California State Representative Jim Cooper (D-Elk Grove) is touting a bill that would force mobile devices to come with encryption off by default starting January 1, 2017. Any phone sold after that date would also have to be “capable of being decrypted and unlocked by its manufacturer or its operating system provider.”
As it stands, modern iOS and Android devices have full-disk encryption that prevents even Apple and Google from accessing them. Law enforcement agencies want to be able to more efficiently harvest evidence from confiscated devices rather than go about it the hard way via hacking or brute force. If the AB 1681 passes the Assembly and State Senate and is then signed into law, then any smartphone not meeting these requirements would result in the manufacturers being fined $2,500 per offending device.
The bill’s wording is suspiciously reminiscent of another bill currently pending in New York, but someone has run a find-and-replace on all the arguments supporting it that swaps every instance of “terrorists” for “sex traffickers.” Whereas the New York bill wants to give law enforcers full access to confiscated devices to prevent terrorist attacks, the California bill wants to do it to track down pimps.
In an interview with Ars Technica, Cooper claimed that 99% of Californians would never need to worry about having their phones searched by police officers, because the vast majority of phones are never implicated in law enforcement operations. This is basically a rephrasing of that “if you haven’t done anything wrong, you have nothing to fear” crockery. Cooper went on to say that “human trafficking trumps privacy, no ifs, ands, or buts about it.”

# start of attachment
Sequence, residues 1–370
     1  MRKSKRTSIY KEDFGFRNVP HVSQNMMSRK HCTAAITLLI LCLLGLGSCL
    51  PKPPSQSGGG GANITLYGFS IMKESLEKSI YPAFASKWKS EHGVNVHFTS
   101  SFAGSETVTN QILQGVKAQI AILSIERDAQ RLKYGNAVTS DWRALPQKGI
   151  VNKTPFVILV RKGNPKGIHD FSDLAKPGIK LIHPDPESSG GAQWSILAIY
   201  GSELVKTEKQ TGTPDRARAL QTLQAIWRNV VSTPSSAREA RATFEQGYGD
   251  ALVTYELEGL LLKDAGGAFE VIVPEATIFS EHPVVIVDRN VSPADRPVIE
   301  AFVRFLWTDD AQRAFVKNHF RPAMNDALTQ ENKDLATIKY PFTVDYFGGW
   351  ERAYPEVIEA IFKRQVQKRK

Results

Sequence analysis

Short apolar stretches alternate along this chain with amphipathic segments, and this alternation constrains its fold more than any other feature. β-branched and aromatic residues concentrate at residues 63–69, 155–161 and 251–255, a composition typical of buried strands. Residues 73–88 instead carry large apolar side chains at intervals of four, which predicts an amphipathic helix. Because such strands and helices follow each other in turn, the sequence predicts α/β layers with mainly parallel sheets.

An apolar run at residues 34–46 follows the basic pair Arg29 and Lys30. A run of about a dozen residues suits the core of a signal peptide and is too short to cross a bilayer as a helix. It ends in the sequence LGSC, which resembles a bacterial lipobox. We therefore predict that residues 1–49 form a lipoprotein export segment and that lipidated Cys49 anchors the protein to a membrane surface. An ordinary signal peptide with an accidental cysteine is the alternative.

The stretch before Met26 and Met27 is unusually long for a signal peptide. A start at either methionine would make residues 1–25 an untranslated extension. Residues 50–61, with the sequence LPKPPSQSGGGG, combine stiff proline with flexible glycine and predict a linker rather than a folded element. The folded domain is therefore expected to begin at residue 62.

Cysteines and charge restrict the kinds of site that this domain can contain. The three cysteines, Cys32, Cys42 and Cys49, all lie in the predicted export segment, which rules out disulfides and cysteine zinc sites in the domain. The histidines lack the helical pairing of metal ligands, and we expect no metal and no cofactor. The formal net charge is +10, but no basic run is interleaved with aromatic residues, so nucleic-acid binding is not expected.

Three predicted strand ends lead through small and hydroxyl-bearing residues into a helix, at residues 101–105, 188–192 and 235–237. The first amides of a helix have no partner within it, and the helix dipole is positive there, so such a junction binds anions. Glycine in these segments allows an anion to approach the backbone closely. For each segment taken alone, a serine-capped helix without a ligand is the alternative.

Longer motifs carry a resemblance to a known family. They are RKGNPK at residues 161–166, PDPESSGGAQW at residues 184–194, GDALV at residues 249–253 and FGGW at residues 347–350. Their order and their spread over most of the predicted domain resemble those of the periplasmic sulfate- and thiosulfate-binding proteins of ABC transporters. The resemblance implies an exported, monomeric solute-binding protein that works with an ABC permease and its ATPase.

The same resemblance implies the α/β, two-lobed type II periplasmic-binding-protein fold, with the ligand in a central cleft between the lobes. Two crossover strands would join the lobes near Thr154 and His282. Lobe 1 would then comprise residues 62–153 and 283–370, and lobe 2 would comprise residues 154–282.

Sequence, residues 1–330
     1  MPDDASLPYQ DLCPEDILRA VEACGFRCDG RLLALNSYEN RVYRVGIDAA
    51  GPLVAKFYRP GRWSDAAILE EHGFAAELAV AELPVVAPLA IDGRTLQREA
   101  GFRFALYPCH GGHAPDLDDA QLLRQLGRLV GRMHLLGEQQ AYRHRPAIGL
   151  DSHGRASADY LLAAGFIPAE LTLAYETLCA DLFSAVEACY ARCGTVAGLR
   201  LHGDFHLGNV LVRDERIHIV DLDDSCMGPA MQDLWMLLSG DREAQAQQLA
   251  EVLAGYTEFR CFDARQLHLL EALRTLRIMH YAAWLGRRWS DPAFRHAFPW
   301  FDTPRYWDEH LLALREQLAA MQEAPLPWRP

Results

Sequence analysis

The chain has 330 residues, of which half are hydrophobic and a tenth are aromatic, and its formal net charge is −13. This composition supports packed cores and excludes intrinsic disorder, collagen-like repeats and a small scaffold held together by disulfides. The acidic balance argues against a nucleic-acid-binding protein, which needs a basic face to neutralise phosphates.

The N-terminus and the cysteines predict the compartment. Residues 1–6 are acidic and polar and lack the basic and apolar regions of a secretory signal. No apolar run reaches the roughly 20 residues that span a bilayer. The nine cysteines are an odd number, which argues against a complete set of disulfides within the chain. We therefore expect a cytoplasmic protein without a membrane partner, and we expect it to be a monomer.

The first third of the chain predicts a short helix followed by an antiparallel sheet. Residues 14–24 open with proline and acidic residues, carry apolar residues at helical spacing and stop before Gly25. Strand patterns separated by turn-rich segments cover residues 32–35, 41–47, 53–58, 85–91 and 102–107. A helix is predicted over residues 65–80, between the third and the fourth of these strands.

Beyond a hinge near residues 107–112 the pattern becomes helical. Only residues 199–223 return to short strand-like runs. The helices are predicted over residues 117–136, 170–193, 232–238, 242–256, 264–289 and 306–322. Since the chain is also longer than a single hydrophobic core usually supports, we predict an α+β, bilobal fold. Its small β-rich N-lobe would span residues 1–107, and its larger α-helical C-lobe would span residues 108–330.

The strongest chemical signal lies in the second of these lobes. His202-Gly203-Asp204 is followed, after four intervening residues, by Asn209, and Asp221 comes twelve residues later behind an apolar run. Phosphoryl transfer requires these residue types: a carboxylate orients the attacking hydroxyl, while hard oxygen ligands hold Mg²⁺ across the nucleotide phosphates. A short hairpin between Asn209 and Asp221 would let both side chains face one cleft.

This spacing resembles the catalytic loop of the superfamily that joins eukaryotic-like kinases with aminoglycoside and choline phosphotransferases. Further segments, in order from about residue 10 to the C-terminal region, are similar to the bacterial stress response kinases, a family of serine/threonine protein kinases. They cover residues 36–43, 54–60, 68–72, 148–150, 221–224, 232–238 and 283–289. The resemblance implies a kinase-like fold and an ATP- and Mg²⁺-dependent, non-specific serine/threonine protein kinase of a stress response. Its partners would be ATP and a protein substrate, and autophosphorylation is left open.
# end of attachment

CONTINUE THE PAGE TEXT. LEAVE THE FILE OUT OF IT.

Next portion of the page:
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In the bill’s presentation, Natalia Luna, the Sacramento County Asst. Chief Deputy District Attorney, described smartphones as tools of the trade of pimping. She says pimps actively use phones “to traffick, exploit, and sell our children.” Engadget accuses these lawmakers as using sex trafficking as a “bogeyman” to force smartphone manufacturers to do the work of the police for them. As one congressman advised law enforcement agencies seeking to overturn cell phone encryption in New York: “to me it’s very simple to draw a privacy balance when it comes to law enforcement and privacy: just follow the damn Constitution.”
“As for the protect the children argument, I am sympathetic, but there are always limits on law enforcement’s power to investigate crime,” said Andrew Crocker, an attorney at the Electronic Frontier Foundation. “No matter how terrible the crime, we don’t allow the police to disregard other important values like privacy and security, and this is a law that would make us all less secure. Meanwhile the police have access to lots of other tools to get at this evidence, from hacking or brute forcing the device to getting cloud backups to forcing the owner to unlock the phone. Moreover the sophisticated bad guys will resort to third-party tools to cover their tracks.”
What are your thoughts regarding this proposed bill? Is it a necessary bypass of privacy to ensure that justice is served, or is it an unconstitutional breach of 4th amendment rights? Let us know what you think in the comments below!